Europe's right wounded, waiting for better days

July 11, 1999|By William Pfaff

PARIS -- Does the right have a future? After being out of the White House for seven years, the Republican Party senses that it has a good chance to regain control of the executive branch. Thus, the phenomenal $36 million in campaign money raised already by Texas Gov. George W. Bush, the GOP's front-runner.

The major European parties of the right have no such dream. Not only are they out, but also in Britain and France, they are down and demoralized. The German Christian Democrats are holding up in public opinion against the divided and frequently incoherent coalition government of Social Democrats and Greens of Chancellor Gerhard Schroeder, but elections are distant.

The British Conservative Party has declined into what often seems an anti-European sect, abandoning the center, as well as the left, to Tony Blair's Labor Party. The Tories' relatively good showing in the European Parliament vote in mid-May (an election largely ignored in Britain), derived from the fact that the party's voters really care about the question of Europe, and turned out.

A sadder spectacle is that provided by the French right, which a former prime minister, Pierre Mendes-France, once described as the most stupid right in the world. This was not a fair comment on its intelligence, which, as usual, in France is high, but on its character, which is deplorable and self-destructive. Its willful chieftains betray one another in power, and out of it refuse to yield to a common cause.

The result has been that while the British and German conservative parties were pleasantly surprised by their results in the European Parliament elections, the established French parties of the right collapsed altogether.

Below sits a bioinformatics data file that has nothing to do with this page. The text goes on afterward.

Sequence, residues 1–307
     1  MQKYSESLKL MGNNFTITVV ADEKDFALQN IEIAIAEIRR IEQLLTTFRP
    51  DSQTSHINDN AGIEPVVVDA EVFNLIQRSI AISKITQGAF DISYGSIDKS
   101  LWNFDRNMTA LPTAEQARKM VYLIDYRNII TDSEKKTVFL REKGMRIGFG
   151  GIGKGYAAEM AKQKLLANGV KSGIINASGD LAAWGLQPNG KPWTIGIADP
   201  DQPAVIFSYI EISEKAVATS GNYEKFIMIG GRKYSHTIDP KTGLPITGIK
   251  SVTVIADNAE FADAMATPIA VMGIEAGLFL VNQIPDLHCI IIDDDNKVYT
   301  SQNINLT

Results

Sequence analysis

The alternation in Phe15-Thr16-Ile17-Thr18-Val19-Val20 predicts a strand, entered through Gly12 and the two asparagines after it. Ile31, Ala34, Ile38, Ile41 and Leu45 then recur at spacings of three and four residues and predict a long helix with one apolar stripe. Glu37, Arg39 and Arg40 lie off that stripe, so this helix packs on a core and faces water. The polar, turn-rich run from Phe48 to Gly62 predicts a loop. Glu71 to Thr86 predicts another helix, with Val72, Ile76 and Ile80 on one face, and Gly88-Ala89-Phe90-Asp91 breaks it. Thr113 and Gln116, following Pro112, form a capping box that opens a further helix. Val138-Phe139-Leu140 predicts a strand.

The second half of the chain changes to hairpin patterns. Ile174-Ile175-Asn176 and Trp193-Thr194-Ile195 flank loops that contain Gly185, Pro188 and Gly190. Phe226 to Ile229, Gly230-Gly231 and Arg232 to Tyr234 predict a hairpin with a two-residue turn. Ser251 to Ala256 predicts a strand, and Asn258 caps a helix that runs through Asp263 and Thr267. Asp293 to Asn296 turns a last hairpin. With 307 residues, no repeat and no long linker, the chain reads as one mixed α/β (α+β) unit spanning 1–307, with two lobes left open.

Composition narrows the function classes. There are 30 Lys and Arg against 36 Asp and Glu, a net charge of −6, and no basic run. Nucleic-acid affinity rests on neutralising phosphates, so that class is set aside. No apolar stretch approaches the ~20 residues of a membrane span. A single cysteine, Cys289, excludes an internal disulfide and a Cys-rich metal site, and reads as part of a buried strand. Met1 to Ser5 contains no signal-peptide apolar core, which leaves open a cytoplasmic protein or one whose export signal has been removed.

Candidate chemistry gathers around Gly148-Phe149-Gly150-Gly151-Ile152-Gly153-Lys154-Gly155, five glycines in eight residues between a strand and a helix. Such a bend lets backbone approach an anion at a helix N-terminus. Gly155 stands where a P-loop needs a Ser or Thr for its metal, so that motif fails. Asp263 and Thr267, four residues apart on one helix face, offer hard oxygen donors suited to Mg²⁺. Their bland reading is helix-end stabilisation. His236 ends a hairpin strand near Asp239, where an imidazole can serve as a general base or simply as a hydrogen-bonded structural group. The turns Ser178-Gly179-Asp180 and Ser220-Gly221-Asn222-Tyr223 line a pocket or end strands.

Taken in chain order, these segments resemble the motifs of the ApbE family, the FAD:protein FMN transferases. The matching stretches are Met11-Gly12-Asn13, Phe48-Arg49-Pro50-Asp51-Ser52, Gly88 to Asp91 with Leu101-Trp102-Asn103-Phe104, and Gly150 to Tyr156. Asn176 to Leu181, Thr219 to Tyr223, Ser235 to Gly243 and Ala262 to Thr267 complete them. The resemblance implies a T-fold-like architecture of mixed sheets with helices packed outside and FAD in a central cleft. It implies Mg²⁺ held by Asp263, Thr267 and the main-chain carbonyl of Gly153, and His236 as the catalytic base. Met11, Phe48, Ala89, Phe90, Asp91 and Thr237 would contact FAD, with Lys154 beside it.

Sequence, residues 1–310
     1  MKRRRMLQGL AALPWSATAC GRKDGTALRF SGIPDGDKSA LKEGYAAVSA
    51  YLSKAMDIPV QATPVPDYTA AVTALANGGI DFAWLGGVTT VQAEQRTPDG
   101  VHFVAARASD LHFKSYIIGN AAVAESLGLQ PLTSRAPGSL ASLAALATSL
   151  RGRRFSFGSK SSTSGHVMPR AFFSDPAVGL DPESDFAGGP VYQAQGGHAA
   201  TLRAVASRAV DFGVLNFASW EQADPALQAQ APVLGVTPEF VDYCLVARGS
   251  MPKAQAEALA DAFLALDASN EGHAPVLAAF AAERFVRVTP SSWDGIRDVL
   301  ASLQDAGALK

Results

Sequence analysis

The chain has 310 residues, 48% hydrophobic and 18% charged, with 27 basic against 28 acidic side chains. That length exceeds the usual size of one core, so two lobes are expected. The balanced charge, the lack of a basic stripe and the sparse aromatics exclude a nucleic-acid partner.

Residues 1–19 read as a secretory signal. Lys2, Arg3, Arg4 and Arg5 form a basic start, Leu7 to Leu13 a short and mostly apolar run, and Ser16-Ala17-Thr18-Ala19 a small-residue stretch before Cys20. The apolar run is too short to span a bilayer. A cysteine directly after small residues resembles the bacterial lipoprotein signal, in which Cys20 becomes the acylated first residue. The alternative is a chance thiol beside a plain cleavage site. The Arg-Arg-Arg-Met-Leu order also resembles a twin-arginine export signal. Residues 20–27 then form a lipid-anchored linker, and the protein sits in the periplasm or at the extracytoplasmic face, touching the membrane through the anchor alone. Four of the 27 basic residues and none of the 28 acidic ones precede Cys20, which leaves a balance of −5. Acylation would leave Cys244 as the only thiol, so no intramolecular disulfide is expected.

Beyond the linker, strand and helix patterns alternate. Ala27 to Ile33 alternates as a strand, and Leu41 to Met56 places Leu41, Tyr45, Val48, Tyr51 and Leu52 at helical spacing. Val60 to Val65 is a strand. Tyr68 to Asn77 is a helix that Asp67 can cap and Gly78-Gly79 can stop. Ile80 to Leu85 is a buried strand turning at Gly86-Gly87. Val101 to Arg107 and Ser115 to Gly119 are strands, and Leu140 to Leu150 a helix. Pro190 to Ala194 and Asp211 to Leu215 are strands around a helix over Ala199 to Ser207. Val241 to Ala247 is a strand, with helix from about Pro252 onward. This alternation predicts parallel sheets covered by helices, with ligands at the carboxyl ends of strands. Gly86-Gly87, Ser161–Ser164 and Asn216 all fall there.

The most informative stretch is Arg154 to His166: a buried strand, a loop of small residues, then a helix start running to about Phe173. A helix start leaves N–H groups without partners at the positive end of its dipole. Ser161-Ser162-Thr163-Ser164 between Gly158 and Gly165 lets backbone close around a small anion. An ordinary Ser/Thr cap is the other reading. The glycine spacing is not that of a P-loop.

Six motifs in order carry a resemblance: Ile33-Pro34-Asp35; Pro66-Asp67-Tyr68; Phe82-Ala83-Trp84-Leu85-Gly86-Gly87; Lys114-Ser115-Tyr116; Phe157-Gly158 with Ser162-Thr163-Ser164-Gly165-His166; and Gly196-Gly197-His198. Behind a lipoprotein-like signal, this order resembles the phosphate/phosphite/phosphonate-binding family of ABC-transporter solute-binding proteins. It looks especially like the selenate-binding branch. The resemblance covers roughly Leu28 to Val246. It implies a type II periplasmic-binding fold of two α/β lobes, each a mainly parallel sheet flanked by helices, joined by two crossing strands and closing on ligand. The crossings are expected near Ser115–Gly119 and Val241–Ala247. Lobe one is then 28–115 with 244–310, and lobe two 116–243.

Blind ambition

The French right's European election fiasco this year had not only ruinous effect on the conservative parties, but undermined, probably fatally, the president's own chance to win a second seven-year term in 2002. One parliamentary deputy, in his 40s, has accused Mr. Chirac of "destroying a generation" out of his personal ambition.

Had the president not dissolved his conservative government -- which had a commanding majority in parliament in 1997 and three and a half years to go -- the right would have given an entire class of younger politicians ministerial experience.

The right, as a result, has dissolved into its natural components. The racist and reactionary extreme right, discredited by internal divisions, is no longer a significant force. A new "national sovereignty" movement, which defends the Gaullist idea of a "Europe of Nations," won the largest number of conservative votes in the European election.

The center has broken into separate Christian Democratic and market-liberal parties. What remains of Mr. Chirac's own party -- once Charles deGaulle's party -- now cannot even find someone willing to be its president.

It is striking that the failing British and French right have found nationalism their successful rallying point. In the 1990s, market liberalism seemed the important issue, but Mr. Blair is as much of a market liberal as Margaret Thatcher was, only more "caring," as the British say.

Seeking a `third way'

Mr. Schroeder in Germany declares that he is heading in the same "third way" direction as Mr. Blair, but Thatcherism has never found much sympathy even on the German right.

Market liberalism does not provide much grip for rightist renewal in France, as its advocates have discovered, to their disadvantage.

Europe's construction until now has been professed and legislated in terms of federalism -- meaning centralized authority in Brussels -- without ever confronting nationalism.

In the Maastricht and Amsterdam treaties of recent years, nationalism was directly challenged. The issue consequently is growing in importance in most EU member countries. If this continues, the right may have a future after all -- in Europe, at least.

William Pfaff is a syndicated columnist.

Pub Date: 7/11/99

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